Ever since the news broke out on October 30th about Walt Disney’s acquisition of George Lucas’ Lucasfilm company Star Wars, there’s also begun speculation about the future of Star Wars license at Dark Horse Comics, where it’s been a staple of their line of comic books since 1991. Will Star Wars be published now by Disney’s own comic book publisher, Marvel Comics (who originally had the license from 1977-1986), or will it remain at Dark Horse Comics? Only time will tell. In the meantime, in this four-part series, we’re going to take a look at my 20 personal favorite Star Wars graphic novels/series published by Dark Horse Comics.
20) Star Wars: Vector.
Celeste Morne is a Jedi Knight of the Old Republic who is in possession of, and possibly possessed by, the powerful Muur Talisman created by the Sith. The first ever Star Wars crossover that spans for generations, it crossed over in the pages of the then-ongoing series Knights of the Old Republic, Dark Times, Rebellion, and Legacy as Celeste encounters Darth Vader, Luke Skywalker, and Cade Skywalker as Celeste tries to undo the curse of the Sith amulet before the galaxy is destroyed. It’s a crossover – something that has never happened before in Star Wars comic books that bridged the characters across thousands of years.
Vol. 1. 2009. 144 pp. 978-1-59582-226-0.
Vol. 2. 2009. 144 pp. 978-1-59582-227-7.
19) Star Wars: The Crimson Empire Saga. 2012. 504 pp. 978-1-59582-947-4.
Emperor Palpatine’s Royal Guard were known as one of the most formidable soldiers to serve the Empire and Kir Kanos was one of the most loyal to him. When Carnor Jax – a fallen guard – betrays the brotherhood of the guard and the order is disolved, Kir Kanos is the last loyal Imperial Royal Guard and all that stands in the way of a madman who has betrayed the Empire.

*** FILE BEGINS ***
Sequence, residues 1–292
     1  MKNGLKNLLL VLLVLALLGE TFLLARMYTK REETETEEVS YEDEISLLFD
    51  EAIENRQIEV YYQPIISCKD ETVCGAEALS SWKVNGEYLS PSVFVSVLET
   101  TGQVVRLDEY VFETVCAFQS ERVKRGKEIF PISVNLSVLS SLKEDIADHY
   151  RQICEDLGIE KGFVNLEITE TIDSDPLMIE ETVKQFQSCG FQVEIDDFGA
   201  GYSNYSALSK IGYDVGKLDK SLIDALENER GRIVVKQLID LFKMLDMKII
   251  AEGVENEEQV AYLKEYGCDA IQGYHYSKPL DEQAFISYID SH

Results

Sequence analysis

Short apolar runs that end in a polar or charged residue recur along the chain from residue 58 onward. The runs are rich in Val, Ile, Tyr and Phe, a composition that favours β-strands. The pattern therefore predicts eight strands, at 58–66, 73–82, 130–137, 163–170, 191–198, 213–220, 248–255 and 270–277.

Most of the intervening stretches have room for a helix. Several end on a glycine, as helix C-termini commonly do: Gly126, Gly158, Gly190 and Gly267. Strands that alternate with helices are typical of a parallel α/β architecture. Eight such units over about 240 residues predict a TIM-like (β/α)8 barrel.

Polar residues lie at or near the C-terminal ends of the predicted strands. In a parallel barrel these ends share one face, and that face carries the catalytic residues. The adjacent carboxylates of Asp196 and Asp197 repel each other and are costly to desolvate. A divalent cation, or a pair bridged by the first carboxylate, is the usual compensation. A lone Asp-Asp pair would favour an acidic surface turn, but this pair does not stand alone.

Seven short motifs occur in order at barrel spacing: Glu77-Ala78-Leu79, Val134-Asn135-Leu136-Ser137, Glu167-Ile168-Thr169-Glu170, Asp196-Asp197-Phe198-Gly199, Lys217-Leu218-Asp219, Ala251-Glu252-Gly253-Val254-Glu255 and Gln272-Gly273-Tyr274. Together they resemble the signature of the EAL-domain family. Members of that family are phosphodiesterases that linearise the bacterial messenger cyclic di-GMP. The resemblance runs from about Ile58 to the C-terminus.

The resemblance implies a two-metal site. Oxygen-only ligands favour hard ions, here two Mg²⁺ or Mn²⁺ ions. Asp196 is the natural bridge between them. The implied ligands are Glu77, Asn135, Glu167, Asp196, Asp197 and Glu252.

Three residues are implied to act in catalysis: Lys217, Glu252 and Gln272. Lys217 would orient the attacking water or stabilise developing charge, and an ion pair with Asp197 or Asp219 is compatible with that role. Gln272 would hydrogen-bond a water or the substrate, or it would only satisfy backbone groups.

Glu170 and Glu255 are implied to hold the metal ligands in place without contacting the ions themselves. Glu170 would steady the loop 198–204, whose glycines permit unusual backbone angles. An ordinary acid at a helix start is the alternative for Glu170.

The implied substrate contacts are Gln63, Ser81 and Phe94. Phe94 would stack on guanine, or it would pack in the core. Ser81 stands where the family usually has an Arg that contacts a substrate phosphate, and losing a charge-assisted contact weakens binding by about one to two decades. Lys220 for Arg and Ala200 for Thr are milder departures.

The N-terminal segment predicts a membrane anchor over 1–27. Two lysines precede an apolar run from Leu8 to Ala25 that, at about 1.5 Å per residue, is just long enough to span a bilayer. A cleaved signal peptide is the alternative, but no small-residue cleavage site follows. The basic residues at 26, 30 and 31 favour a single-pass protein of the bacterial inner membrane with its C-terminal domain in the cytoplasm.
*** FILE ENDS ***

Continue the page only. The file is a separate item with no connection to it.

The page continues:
18) The Clone Wars Adventures / Star Wars Adventures /The Clone Wars
The Clone Wars Adventures books are based on the animated style of the original Clone Wars animated micro-series that aired between 2003-2005. Though Star Wars comic books can be accessible for younger readers from the get-go, the series was designed specifically towards younger readers. The stories are short, dynamic, and great for Star Wars fans young and old.
The Clone Wars Adventures:
Vol. 1. 2004. 96 pp. 978-1-59307-243-8.
Vol. 2. 2004. 96 pp. 978-1-59307-271-1.
Vol. 3. 2005. 96 pp. 978-1-59307-307-7.
Vol. 4. 2005. 96 pp. 978-1-59307-402-9.
Vol. 5. 2006. 96 pp. 978-1-59307-483-8.
Vol. 6. 2006. 96 pp. 978-1-59307-567-5.
Vol. 7. 2007. 80 pp. 978-1-59307-678-8.
Vol. 8. 2007. 80 pp. 978-1-59307-680-1.
Vol. 9. 2007. 80 pp. 978-1-59307-832-4.
Vol. 10. 2007. 80pp. 978-1-59307-878-2
The series continued with Star Wars Adventures to feature stories featuring the Original Trilogy characters including Han, Luke, Leia, Chewbacca, Darth Vader, and Boba Fett.
Star Wars Adventures
Vol. 1: Han Solo and the Hollow Moon of Khorya. 2009. 80 pp. 978-1-59582-198-0.
Vol. 2: Princess Leia and the Royal Ransom. 2009. 80 pp. 978-1-59582-147-8.